How to tell if youth are drinking

It can be scary to find out that your child has been drinking. But try not to panic. Not all kids who drink alcohol will drink in harmful ways or develop drinking problems later in their lives.

However, it’s important to understand your kid's drinking behaviours, and whether they are simply experimenting with alcohol, using it responsibly in social situations, or drinking to deal with stress/emotions that can lead to physical harm and future dependency.



Here are some signs that your kids may have problems with alcohol:**
  • Sudden mood swings, irritability and anger for no apparent reason.
  • Major change in school performance, skipping school or getting into trouble.
  • Disrespectful behaviour and rebelling against family rules.
  • Loss of interest in former activities or things they used to love.
  • Lack of interest in personal appearance or hygiene.
  • Low energy, restlessness, fatigue or depression.
  • Loss of appetite.
  • Physical or mental problems including memory loss, inability to focus and concentrate, glassy or bloodshot eyes, poor coordination or motor skills or slurring their speech.
  • Unexplained injuries.
  • Spending a lot of time alone or in their room.
  • Finding them drunk or smelling alcohol on their breath.

**Some of these signs may be similar to the normal developmental changes that teenagers go through, so it is important not to jump to conclusions. However, it’s important to talk to them about your concerns and to help them understand their own feelings and behaviours better. Remember to reach out for help if you need extra support for yourself or your child. It can be a nurse, a trusted community member or a mental health worker.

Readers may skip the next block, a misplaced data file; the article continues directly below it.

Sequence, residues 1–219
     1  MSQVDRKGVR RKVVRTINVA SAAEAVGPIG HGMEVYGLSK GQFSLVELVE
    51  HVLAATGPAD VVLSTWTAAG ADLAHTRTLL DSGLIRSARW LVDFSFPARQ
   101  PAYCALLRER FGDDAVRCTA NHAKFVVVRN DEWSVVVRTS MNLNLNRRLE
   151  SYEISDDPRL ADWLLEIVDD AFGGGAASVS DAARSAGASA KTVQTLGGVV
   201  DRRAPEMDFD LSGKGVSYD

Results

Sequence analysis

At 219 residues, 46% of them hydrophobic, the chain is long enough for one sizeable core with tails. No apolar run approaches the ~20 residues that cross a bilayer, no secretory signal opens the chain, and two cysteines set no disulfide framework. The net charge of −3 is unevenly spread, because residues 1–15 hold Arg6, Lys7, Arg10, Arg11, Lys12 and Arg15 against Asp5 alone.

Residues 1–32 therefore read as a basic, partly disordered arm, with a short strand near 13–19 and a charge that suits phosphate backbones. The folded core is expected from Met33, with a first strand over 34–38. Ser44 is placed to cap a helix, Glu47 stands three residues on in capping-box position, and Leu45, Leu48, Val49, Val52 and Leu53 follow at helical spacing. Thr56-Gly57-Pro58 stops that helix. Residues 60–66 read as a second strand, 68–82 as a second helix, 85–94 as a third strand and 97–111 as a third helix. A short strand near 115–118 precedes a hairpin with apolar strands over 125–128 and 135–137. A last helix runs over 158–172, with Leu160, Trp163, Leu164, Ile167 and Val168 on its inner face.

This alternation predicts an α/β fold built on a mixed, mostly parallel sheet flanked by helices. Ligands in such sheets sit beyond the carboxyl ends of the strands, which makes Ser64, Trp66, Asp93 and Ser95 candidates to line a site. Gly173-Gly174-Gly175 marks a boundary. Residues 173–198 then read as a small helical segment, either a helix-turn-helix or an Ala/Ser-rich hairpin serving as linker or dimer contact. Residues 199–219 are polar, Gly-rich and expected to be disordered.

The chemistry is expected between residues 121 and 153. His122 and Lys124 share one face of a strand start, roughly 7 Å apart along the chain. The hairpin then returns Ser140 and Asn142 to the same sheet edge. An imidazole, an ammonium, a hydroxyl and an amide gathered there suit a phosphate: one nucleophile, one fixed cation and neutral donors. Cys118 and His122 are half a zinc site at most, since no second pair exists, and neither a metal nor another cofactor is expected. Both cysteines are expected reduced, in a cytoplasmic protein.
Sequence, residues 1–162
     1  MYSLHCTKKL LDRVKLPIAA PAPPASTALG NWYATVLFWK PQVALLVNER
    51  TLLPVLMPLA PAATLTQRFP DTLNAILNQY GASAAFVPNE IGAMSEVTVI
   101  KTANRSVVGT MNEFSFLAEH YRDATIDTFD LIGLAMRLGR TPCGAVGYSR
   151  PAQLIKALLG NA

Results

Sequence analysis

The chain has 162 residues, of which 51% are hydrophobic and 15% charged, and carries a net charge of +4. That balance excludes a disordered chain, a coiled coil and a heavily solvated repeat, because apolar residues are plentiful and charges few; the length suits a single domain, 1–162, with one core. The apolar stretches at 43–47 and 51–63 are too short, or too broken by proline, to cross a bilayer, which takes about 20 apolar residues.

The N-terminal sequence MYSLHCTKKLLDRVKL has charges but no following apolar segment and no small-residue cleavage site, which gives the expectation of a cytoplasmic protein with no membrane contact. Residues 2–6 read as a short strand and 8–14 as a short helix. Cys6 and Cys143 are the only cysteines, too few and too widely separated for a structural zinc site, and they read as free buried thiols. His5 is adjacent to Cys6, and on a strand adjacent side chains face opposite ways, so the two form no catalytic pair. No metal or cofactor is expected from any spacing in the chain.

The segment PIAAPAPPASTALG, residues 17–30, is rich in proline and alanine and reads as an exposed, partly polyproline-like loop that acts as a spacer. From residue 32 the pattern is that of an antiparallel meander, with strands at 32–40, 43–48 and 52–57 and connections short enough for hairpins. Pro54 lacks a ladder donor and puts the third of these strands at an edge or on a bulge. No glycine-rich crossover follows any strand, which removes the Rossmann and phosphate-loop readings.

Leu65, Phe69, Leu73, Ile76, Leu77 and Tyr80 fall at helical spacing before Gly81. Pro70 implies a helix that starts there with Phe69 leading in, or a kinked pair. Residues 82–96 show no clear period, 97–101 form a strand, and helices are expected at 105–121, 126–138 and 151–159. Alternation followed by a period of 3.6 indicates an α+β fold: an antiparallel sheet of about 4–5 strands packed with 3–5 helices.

Activity to explore youth alcohol use

If you think your kids may be drinking alcohol and are concerned that it’s becoming a problem, this activity can help explore the possible effects alcohol is having on their lives.

Suggest that they make a list that reminds them of what’s important to them and what they want for their future. 

Examples of things in their lives that are important can include:
  • family
  • friends
  • sports
  • school
  • job (if they have one)
  • money
  • relationships
  • activities like hunting, fishing, carving, cooking, sewing
Once completed, here are a few suggested questions to ask your child:

  • Has drinking alcohol negatively affected any of these areas in your life? And if so, how?
  • Does drinking alcohol allow you to do more of the things you like to do, or does it stop you from doing what you like?
  • How do you think things would be different in your life if you drank less or didn’t drink alcohol at all?
  • What do you think would be the biggest roadblock for you to make a change and drink less or in safer ways?
  • What would make it easier for you to change how you drink alcohol?
  • If you decided to change how you drink, what steps could you take to make it happen? For example, planning more non-drinking activities with friends; telling friends ahead of time that you won’t be drinking; limiting your drinks to only one.